Then he went on about how good the earth looked from outer space, and how it didn’t really matter exactly who was going into space, because they represented everyone on earth. It was a real good speech, well put together. Dimitri, as the Space Baby born on Mir came to be named, was working as a commentator on some American network, and he said he’d never heard what it was like to be in space expressed so eloquently, but mostly everybody thought it was bullshit. Then the other announcer smacked Dimitri in the mouth because there was no way Dimitri could remember what it was like in space because he had only been a baby at the time.

The asphalt shingles on the roof still retained the warmth of the day’s sunshine. Looking up at the night sky, I knew we would make love before long, and maybe this time we would figure out why.

“What if you mother unconsciously held back labor until the moon landing?” I asked.

“Don’t be ridiculous. She was in labor for forty-eight hours. Nobody would choose that, consciously or unconsciously. Give it up. The moon landing has absolutely nothing to do with my birth.”

I decided not to bring up the question any more, even though I still wanted to know the answer. The technological cuckolding of Nixon had thrown my calculations into confusion. The space capsule kept going on through space, and the people in some city in Australia turned on all their lights to let the guys in the capsule know they didn’t want them to get burned up like those other astronauts. Me and Leigh made love, and although we still couldn’t come to any firm conclusions as to why it happened, we finally had to concede that the moon, which was that night in full phase, was partially responsible.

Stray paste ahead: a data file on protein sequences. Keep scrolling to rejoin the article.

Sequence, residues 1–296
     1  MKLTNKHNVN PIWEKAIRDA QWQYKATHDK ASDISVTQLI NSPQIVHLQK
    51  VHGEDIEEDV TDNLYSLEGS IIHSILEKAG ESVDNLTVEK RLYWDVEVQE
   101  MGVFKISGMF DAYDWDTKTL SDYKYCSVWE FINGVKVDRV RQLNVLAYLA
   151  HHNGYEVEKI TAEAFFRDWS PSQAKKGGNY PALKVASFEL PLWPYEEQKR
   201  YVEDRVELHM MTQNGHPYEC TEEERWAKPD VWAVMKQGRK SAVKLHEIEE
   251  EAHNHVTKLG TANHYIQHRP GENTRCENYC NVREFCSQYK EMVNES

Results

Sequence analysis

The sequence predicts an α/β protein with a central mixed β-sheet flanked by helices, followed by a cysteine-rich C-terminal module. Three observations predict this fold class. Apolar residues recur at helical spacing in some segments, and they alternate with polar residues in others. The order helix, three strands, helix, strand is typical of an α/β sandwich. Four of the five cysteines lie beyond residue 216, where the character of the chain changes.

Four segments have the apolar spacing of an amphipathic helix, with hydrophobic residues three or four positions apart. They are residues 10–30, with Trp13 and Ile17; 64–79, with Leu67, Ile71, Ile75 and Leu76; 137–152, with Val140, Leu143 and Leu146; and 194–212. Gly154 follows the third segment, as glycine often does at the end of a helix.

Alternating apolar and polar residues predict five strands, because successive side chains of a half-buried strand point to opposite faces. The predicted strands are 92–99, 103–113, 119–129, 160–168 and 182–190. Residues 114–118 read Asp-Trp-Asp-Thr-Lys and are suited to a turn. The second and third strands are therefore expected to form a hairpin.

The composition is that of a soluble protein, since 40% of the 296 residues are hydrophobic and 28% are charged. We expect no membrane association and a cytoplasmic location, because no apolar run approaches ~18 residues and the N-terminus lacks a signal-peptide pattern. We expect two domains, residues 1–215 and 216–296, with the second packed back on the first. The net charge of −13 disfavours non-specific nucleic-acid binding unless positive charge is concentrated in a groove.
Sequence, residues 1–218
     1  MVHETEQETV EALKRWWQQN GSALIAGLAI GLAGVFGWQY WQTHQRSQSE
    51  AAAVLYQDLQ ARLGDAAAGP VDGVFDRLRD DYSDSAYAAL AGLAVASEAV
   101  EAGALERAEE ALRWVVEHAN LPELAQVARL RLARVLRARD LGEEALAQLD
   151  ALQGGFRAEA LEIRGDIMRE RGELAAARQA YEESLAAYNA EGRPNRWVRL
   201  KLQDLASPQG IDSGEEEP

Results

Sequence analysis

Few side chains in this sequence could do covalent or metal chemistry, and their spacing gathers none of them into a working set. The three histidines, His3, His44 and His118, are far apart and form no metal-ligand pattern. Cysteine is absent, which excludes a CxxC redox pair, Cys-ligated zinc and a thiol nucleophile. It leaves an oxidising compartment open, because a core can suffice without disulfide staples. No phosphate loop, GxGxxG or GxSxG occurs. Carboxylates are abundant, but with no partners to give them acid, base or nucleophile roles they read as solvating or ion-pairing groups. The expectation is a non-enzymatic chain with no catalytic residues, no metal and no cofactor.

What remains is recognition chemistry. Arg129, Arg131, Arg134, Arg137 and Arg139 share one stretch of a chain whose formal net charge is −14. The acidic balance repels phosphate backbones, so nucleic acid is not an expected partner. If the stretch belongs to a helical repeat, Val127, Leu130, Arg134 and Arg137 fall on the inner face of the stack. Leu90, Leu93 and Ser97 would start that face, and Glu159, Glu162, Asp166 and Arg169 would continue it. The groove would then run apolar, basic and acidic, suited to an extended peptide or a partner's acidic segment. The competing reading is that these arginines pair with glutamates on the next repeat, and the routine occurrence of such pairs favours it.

The astronauts returned safely to earth, with more rocks. Nixon was spirited away by his followers, and we didn’t hear about him again until a couple of years later when he was caught trying to sneak into the White House through a basement window. The Secret Service threw him out in front of the place where an enraged mob tore him to pieces with their bare hands and some broken bottles. Although Leigh continued to receive silver moon earrings every year on her birthday, there were no more moon landings, as the Americans had run out of money.

About the Author

If Rob McCleary had known Jonathan Lethem liked his work so much at the time he probably would’ve stuck it out a little longer writing fiction. Instead, he got a job writing Saturday morning cartoons. His new work of fiction “Diary Of A Skyway Woman” (or) “My Life in the Service of the Ohio Top Superstar Academy of Aerial Arts Correspondence Flight School & Mobile Beastiarium” is available on iTunes for the irresistibly low price of $1.99 for the month of July to celebrate the zombie-like resurrection of “Nixon In Space.” He is currently working on a new young adult novel about a girl who creates an army of revenge-exacting, homicidal freaks called “Ballerina Frankenstein.”

About the Guest Editor

Jonathan Lethem is the author of seven novels including Fortress of Solitude and Motherless Brooklyn, which was named Novel of the Year by Esquire and won the National Book Critics Circle Award and the Salon Book Award, as well as the Macallan Crime Writers Association Gold Dagger. He has also written two short story collections, a novella and a collection of essays, edited The Vintage Book of Amnesia, guest-edited The Year’s Best Music Writing 2002, and was the founding fiction editor of Fence magazine. His writings have appeared in the New Yorker, Rolling Stone, McSweeney’s and many other periodicals.